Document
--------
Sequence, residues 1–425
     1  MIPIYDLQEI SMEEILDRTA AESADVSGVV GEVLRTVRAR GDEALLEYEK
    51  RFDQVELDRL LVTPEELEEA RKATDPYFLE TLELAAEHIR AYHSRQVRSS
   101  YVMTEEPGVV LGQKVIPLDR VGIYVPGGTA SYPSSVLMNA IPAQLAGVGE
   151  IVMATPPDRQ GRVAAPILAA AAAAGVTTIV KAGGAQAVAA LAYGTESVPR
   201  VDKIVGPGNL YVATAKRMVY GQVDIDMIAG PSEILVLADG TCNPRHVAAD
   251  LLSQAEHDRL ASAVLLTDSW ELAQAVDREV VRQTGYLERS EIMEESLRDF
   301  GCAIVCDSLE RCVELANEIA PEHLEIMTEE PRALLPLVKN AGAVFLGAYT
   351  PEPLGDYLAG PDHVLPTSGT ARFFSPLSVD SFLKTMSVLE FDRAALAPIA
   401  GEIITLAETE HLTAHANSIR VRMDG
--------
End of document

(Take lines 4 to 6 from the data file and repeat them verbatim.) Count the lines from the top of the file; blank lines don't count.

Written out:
   101  YVMTEEPGVV LGQKVIPLDR VGIYVPGGTA SYPSSVLMNA IPAQLAGVGE
   151  IVMATPPDRQ GRVAAPILAA AAAAGVTTIV KAGGAQAVAA LAYGTESVPR
   201  VDKIVGPGNL YVATAKRMVY GQVDIDMIAG PSEILVLADG TCNPRHVAAD